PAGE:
So if you struggle with insomnia, set aside time throughout the day to practice the thought: “Even if I don’t get a ton of sleep tonight, I will be totally fine tomorrow.”
If you’re afraid of public speaking, practice the thought “Even though I may be nervous on stage, I can still connect effectively with my audience.” Even when you don’t have a public speaking engagement scheduled!
The more you practice ahead of time, the more unconscious the thought will become.
Which means: The more effective it will be when you actually DO have insomnia, or are about to give a speech.
This will reduce the intensity of the problem over time, and as that happens, you can move onto step four in this process: Working your way up the thought ladder.
This simply means that once you fully believe a thought you’re practicing, you can progress to new, more positive thoughts like “I’m going to sleep really well tonight, and even if I wake up I’m going to fall back asleep pretty quickly,” or “I’m not going to be too nervous when I give this speech, I know exactly what I want to say and even if I feel nervous at the beginning it will go away quickly.”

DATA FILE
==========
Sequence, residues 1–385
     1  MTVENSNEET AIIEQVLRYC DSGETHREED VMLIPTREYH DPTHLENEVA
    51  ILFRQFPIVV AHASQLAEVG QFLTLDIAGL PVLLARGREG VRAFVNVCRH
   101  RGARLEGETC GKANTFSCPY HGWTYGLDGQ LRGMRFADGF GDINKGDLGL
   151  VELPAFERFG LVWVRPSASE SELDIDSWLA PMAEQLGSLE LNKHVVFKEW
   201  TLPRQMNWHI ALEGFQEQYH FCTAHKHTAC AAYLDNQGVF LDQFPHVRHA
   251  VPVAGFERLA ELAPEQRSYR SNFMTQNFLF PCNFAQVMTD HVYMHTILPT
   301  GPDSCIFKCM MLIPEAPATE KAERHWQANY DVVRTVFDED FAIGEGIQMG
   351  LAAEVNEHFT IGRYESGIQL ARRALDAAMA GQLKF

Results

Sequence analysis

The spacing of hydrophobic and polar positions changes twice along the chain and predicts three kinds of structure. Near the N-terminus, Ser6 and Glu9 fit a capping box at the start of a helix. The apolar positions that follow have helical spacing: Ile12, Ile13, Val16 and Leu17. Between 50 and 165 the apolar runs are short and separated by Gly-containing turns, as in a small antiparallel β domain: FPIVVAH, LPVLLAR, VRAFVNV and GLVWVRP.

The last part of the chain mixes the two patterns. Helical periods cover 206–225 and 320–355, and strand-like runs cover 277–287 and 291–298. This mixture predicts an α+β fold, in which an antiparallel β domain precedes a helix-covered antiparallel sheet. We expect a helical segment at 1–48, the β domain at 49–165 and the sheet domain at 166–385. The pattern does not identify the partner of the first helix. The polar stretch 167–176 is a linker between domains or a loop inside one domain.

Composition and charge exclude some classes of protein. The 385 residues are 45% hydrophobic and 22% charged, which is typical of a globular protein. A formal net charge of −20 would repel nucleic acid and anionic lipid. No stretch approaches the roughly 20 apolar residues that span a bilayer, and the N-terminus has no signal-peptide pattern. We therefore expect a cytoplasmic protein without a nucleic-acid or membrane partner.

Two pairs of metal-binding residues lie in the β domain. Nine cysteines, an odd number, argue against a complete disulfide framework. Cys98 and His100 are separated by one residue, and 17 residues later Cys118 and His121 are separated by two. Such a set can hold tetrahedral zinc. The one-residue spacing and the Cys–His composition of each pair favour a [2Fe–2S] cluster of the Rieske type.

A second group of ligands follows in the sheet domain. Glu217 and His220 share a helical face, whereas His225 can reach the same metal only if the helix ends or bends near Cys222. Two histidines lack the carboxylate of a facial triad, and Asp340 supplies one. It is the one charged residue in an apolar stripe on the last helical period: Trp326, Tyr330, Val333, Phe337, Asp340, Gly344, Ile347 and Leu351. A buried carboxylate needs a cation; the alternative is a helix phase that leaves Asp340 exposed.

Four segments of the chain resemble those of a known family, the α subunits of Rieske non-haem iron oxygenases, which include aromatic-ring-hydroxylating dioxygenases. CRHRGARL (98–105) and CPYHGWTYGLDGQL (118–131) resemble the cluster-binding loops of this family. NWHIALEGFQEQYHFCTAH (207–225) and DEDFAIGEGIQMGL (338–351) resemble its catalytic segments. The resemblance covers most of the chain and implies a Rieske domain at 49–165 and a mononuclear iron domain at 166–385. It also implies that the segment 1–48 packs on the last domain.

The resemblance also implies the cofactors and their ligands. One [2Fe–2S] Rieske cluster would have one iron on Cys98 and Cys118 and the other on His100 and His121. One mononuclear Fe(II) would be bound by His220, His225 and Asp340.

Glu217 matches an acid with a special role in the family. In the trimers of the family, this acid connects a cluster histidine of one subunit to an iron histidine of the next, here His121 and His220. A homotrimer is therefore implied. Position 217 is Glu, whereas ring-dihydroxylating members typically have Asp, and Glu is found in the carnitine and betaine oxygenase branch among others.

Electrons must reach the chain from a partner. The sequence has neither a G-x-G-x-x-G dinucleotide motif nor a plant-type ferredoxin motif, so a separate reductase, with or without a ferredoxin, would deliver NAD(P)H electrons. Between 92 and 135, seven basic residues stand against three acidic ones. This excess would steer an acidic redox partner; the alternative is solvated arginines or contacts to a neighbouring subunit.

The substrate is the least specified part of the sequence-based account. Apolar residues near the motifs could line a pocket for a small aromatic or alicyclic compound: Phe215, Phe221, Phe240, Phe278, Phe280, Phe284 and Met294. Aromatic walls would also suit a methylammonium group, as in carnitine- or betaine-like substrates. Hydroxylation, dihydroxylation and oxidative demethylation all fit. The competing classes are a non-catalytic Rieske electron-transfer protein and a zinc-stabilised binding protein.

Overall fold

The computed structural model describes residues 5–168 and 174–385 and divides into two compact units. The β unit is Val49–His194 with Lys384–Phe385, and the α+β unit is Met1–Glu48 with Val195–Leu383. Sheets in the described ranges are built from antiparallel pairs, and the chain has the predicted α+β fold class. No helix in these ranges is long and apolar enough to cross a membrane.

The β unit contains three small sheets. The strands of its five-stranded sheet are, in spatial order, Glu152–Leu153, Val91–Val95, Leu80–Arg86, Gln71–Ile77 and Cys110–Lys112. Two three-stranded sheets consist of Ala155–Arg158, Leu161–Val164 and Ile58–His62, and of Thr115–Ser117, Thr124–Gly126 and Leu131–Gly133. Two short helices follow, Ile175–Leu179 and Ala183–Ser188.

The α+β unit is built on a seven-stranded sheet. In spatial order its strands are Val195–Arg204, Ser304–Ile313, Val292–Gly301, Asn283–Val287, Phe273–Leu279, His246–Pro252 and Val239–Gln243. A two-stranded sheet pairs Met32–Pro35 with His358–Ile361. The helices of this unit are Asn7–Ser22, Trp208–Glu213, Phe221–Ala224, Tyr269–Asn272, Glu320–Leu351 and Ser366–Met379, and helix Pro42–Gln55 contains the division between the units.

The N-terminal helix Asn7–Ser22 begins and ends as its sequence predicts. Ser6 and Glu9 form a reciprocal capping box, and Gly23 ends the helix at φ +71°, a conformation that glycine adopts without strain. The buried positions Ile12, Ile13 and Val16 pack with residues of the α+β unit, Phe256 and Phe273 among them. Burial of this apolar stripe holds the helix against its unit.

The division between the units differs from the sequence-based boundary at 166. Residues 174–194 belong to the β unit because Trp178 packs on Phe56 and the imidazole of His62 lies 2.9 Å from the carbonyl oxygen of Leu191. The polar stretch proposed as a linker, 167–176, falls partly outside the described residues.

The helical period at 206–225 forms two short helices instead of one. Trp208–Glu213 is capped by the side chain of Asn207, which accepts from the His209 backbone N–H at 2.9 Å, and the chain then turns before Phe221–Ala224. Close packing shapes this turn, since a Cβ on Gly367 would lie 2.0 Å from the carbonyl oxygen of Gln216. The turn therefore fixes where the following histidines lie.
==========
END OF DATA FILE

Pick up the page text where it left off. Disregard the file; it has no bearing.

Eventually, you will work all the way up to thoughts like “I sleep through the night and it feels great” and “I love getting on stage to speak,” and you will believe these thoughts fully.
But you can’t just skip to this final step. This process is cumulative, and if you jump right to a new thought that doesn’t feel believable to you, you will go right back into resisting your current reality.
Remember, it only takes four steps to set yourself free:
Step one: Accept that the emotion you fear is going to happen.
Step two: Look at what you’re making it MEAN that you will feel or experience this thing, and decide on purpose what you can believe instead that’s less dramatic and catastrophizing.
Step three: Practice that thought not just when it happens, but ahead of time.
Step four: Move your way up the thought ladder believing less negative and more positive thoughts about what it means if the emotion or experience happens, or even that it may not happen at all.
With anticipatory stress, like with anything else, our drama and resistance to it are what make it so terrible. Most of our suffering comes from RESISTANCE, not the thing itself. Follow these steps, and you’ll be amazed at how much better you’ll feel.